Almost every Internet user has come across a CAPTCHA security check — you know, the thing where you have to enter in a jumbled set of letters and numbers, often with lines drawn through them — and had absolutely no idea how to decipher it. This is frustrating and it’s not actually effective, so Google’s reCAPTCHA folks have come up with a new idea: Just asking if you’re a robot. [More]
We all did a little jig of glee upon the news that Ticketmaster would no longer be inflicting garbled, incredibly difficult phrases on its customers, who were left trying to decipher if kyrshztosiglormp was right or not. But is this new, CAPTCHA-less future better if it means having products and services from Ticketmaster and its partners thrown at customers? [More]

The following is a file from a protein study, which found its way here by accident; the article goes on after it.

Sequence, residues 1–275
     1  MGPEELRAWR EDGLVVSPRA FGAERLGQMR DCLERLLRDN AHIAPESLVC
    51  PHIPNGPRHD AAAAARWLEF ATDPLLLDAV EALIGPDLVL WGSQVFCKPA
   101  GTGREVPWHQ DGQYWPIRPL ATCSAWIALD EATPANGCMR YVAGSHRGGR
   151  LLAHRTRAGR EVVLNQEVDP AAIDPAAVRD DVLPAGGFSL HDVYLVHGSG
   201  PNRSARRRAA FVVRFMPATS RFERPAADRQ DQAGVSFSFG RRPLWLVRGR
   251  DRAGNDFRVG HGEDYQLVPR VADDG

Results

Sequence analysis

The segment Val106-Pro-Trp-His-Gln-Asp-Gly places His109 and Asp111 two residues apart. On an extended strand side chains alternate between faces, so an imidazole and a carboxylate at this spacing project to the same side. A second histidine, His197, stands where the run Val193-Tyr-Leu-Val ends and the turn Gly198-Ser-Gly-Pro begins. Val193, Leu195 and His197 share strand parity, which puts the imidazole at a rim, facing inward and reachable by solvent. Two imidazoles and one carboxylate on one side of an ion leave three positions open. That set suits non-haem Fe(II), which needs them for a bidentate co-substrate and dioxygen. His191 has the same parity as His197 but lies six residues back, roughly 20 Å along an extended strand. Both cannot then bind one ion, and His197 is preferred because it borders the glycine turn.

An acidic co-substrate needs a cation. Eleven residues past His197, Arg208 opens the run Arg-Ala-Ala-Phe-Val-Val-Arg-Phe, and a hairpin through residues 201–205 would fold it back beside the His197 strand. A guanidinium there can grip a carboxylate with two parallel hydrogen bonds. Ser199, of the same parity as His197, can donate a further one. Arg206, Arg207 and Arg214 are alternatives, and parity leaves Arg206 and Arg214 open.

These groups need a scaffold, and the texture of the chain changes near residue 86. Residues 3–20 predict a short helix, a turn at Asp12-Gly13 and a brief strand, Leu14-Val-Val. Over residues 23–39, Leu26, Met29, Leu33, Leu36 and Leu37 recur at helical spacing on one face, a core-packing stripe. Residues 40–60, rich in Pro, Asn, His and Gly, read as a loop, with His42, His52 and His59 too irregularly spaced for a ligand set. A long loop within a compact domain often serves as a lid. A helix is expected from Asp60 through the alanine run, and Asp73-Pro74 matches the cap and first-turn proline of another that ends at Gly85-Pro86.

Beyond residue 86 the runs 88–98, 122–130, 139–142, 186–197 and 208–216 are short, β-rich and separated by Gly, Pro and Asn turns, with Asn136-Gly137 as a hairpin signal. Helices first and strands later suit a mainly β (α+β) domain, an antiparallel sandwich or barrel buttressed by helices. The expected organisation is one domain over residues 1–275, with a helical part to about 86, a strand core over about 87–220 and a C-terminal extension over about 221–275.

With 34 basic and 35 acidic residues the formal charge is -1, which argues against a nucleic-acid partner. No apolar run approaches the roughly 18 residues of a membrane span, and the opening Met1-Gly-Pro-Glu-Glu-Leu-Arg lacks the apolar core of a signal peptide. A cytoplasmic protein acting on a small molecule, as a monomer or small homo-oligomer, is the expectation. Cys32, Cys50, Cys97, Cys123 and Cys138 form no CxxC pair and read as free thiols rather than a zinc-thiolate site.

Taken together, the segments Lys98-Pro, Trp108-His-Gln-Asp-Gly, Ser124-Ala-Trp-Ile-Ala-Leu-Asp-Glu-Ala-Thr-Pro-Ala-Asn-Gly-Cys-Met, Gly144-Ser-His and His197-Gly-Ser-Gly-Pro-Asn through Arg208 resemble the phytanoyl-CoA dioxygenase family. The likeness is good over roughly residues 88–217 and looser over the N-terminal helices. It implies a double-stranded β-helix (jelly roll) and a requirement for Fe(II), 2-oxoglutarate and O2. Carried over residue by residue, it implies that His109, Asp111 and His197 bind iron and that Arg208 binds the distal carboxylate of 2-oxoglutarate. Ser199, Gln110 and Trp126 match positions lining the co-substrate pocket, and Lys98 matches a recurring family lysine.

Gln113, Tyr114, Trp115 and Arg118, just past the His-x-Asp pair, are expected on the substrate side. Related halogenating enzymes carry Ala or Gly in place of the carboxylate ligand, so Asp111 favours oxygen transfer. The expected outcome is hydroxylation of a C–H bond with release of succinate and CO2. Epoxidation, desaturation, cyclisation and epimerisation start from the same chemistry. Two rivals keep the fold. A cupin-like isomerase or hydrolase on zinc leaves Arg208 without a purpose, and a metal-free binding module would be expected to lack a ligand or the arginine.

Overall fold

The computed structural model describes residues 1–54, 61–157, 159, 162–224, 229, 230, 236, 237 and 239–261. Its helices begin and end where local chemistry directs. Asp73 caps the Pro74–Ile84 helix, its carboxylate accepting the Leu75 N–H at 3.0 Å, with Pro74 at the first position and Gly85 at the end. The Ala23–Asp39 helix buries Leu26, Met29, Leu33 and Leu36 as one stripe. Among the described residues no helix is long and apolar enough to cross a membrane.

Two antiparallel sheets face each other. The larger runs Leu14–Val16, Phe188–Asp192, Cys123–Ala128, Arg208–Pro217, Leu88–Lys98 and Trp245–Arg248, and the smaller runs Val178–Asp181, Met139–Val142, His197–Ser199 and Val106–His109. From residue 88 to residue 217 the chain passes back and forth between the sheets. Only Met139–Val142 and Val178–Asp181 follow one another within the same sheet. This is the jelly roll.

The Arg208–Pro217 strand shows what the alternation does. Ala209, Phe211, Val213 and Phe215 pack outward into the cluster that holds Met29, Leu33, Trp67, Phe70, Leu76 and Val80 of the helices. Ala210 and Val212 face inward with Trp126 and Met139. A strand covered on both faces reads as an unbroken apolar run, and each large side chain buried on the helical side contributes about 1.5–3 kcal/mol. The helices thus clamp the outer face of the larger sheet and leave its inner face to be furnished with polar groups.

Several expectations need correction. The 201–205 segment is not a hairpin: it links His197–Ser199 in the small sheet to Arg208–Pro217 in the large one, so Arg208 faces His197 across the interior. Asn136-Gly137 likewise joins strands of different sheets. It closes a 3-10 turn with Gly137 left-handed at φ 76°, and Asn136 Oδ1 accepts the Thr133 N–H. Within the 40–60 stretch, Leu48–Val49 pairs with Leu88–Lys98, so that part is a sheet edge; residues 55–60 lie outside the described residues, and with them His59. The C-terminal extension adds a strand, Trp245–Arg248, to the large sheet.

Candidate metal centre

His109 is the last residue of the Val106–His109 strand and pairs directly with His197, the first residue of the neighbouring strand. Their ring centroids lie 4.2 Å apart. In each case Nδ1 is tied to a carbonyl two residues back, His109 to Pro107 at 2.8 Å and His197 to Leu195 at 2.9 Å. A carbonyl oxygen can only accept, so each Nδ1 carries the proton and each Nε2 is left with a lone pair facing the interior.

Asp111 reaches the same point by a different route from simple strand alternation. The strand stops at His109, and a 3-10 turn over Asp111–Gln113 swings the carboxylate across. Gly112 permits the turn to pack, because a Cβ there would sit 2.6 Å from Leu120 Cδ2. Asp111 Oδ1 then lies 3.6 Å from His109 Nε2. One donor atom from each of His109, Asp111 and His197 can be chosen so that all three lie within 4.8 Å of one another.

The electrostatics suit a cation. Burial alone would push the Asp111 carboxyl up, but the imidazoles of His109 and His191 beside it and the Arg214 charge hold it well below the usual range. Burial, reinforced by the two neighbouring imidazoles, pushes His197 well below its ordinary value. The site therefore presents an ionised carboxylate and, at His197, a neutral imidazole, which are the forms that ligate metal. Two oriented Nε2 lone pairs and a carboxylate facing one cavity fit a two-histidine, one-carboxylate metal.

The glow of the computer screen flickers against a slumped, exhausted form. If you listen carefully, you can hear, “But… I… am… a… human…” It’s called Captcha Fatigue and if you’ve ever used Ticketmaster you might have felt like the entire system is gamed to result in the most frustrating, unintelligible bits of smushed together letters, designed to keep you from purchasing anything. And now it’s going away. [More]
If you’ve ever been faced with a CAPTCHA sullenly asking you to type the words in a box below a mishmash of crossed out and jumbled letters, you know how frustrating it can be when you’re inevitably told to try again with another set of just as flurbled letters. A new company says it has an easier way to prove you’re not a robot, just a regular old flustered human.